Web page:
Told she’d miscarried, woman goes to second hospital and is told her baby is alive!

By Dave Andrusko

Photo Credit: Paul Edwards,The Sun

Photo Credit: Paul Edwards,The Sun

From an incredible high, to a heart-breaking low, and then a miraculous return to joy.

Elizabeth Stevens , 36, was early in her pregnancy when she received the shocking news from doctors at Royal London Hospital that she had lost her baby. Reporting for the Sun, Brittany Vonow wrote that with tears running down her face, Stevens called the baby’s father, Ian Fowler, to tell him about the tragedy.

“I just broke down over the phone to Ian,” she told Vonow. “I felt sick. I didn’t know what to do.”

“In a daze,” as Vonow described it, Ms. Stevens decided to have the baby’s body removed that very day. Those plans were thwarted, Vonow reported, when there was an emergency at the hospital. Stevens would have to wait five days.

Not wanting to wait, they visited a nearby hospital–Queen’s Hospital–“desperate for their torment to be over.” And then….

“Their world was turned upside down for the second time in 24 hours as medics heard a faint heartbeat – her baby was still alive,” Vonow wrote.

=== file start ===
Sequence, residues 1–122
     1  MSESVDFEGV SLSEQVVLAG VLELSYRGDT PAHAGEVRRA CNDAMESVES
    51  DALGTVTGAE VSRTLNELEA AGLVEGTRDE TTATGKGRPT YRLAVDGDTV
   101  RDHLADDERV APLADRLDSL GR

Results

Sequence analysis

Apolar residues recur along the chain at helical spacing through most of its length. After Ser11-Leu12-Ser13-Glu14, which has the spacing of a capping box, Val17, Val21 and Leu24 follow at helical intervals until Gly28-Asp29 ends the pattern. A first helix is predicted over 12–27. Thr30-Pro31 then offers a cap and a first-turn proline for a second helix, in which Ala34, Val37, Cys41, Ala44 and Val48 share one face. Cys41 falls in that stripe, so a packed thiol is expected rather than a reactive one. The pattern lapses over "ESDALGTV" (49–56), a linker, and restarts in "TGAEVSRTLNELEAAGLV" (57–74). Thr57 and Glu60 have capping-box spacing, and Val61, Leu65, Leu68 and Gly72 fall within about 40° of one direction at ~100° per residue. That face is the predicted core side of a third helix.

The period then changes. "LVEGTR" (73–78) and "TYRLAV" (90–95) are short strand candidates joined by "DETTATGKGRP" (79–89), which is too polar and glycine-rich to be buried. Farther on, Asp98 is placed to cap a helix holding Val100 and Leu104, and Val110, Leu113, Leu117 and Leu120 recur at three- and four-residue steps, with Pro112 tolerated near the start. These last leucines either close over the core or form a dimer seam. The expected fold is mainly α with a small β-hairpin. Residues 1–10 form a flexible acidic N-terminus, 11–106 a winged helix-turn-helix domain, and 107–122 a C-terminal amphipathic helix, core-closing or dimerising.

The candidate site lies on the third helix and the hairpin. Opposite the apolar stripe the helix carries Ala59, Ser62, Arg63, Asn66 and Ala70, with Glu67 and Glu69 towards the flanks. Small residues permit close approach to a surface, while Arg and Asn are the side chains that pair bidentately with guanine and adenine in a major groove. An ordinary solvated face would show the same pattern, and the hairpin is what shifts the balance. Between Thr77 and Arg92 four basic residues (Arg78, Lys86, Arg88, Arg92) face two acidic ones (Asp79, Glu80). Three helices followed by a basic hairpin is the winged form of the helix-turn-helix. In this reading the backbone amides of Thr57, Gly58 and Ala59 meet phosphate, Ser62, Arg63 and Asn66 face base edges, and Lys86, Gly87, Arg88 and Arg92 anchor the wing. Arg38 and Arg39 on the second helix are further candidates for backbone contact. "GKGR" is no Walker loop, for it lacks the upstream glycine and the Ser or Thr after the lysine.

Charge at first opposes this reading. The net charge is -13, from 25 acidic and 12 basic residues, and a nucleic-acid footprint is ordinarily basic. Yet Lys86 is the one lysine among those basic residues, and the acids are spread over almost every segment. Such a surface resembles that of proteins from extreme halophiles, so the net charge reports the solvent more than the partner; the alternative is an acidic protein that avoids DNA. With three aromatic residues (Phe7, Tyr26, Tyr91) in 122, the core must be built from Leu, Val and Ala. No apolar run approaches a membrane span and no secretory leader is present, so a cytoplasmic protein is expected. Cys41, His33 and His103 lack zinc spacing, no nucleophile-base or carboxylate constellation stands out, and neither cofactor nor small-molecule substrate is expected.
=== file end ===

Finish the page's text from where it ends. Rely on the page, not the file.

Surgeons at Queen’s told her she was bleeding not because she’d miscarried but because she had choriodecidual hematoma–the pooling of blood between the chorion (a membrane surrounding the embryo), and the uterine wall. Her baby was alive!

“’I was in shock,” Elizabeth told the Sun. “It’s a lot to take in, one doctor says it’s not fine, and the other one says it’s fine.”

On the one hand, the couple is overjoyed, “back on track planning for a life together with their child.” But, unsurprisingly, on the other hand, they want answers.

“How can they get it so completely wrong?” Mr. Fowler told The Sun Online on Wednesday.

Elizabeth told the Sun, “They nearly killed my unborn baby.”

“Royal London was about to remove a perfectly healthy baby.

“If the baby had been removed, they would have had a dead baby on the table.

“I was shocked, absolutely shocked. And I want an explanation.”

According to Vonow, Elizabeth and Ian are “in the process of making a complaint with Royal London Hospital.”

A spokeswoman for Barts Health NHS Trust said

“We sincerely apologise for the distress caused to Ms Stevens and her partner, and are fully looking into their concerns.

“When our investigation is complete we will invite Ms Stevens and her partner to meet with the clinical team to discuss our findings, and explain how we will implement any changes needed.”